The authors of the Constitution went through considerable effort to make sure the war-making power was vested in the legislative branch, rather than the executive branch, and for the first century and a half of the Republic that formulation held.
Unfortunately, in 1950 we started an experiment in the alternative when Harry Truman committed U.S. troops to a major war in Korea (styled a "police action" at the time) without a declaration of war by Congress. As a matter of fact, Congress has not declared a state of war since, although there's been no shortage of fighting in that time.
Now, human affairs are not subject to "proof" in the scientific sense as no controlled experiments being possible. But it's certainly reasonable to examine the evidence we have to determine whether certain polices are successful or not, and a period of nearly six decades seems more than adequate. It only took about that long to demonstrate, for example, that communism was a failed system.
In the first 160 years of the Republic we fought five foreign wars, with one draw and four clear wins. (War of 1812, Mexican-American, Spanish American, World War I and WWII.) This averages one war every 32 years and an 80 percent success rate. In other words, wars were infrequent and successful. This seems a generally desirable state of affairs I think everyone will agree. During that time the United States grew in power and influence from a relatively weak minor power into the most powerful single country on earth. This period I'll call the Congressional War Era
(I don't count the Revolution because it was prior to the adoption of the Constitution and also because it was a domestic war, which is an altogether different animal than a foreign war. For the same reason I leave off the Civil War, another domestic conflict that has its own sets of legal, moral and practical issues wholly different than the problems of foreign wars).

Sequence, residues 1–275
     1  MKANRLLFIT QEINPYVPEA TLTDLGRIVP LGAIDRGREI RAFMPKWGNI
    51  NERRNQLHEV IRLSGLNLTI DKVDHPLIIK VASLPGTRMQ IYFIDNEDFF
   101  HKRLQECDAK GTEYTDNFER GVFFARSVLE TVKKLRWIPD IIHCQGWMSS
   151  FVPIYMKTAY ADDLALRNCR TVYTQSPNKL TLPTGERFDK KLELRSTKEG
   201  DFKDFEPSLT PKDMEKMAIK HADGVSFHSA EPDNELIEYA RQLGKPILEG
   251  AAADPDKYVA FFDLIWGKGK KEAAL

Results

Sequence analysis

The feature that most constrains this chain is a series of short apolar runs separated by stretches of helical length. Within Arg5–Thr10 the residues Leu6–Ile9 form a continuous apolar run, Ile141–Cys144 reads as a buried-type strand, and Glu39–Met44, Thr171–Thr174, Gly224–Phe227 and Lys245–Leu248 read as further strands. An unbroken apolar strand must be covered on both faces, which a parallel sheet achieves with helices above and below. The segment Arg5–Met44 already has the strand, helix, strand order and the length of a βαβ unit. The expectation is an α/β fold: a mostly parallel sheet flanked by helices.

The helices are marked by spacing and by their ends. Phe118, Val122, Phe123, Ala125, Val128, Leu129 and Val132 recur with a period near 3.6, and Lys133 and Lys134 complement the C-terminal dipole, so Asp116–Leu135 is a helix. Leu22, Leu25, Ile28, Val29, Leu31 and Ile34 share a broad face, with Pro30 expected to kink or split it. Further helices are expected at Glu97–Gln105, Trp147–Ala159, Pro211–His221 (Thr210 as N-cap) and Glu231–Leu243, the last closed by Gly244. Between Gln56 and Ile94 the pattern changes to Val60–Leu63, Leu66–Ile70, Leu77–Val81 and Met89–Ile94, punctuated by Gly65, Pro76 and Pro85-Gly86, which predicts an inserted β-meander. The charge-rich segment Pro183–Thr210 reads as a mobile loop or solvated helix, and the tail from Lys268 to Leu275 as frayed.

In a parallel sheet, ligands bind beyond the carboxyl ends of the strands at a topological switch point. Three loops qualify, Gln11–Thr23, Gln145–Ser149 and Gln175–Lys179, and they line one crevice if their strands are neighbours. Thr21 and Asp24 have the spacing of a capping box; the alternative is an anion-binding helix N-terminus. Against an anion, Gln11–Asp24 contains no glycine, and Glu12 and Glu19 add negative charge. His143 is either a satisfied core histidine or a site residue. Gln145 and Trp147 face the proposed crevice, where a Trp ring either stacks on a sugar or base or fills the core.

In the most recent 57 years of the Republic we've fought four major foreign wars (Korea, Vietnam, Gulf and Iraq/Afghanistan). Of those, one was a draw, one was a defeat and one a clear victory. The last is ongoing, but prospects for a clear victory are about nil. This averages a war every 14 years and a success rate of 25 percent. In other words, wars have been more than twice as frequent while being much less than half as successful. I think everyone can agree this is not a desirable state. I'll label this the Presidential War Era.
During both periods the executive branch engaged in minor military actions with mixed success. Because these were, by definition, minor actions however, the risks and payoffs were relatively low. Failures were expected and tolerated. While there were individual tragedies, of course, the country as a whole was largely unaffected by adventures in Cuba, Hawaii, the Philippines, Haiti, Panama, the Barbary coast, Libya, Lebanon, Grenada, etc.)
On the other hand, major foreign wars unavoidably bring great risks and the certain expenditure of national treasure in the form of lives and money.
The evidence is clear that the Congressional War system provides superior results to the Presidential War system. Why this is so will be addressed in a future post, but the empirical evidence is there for all to see.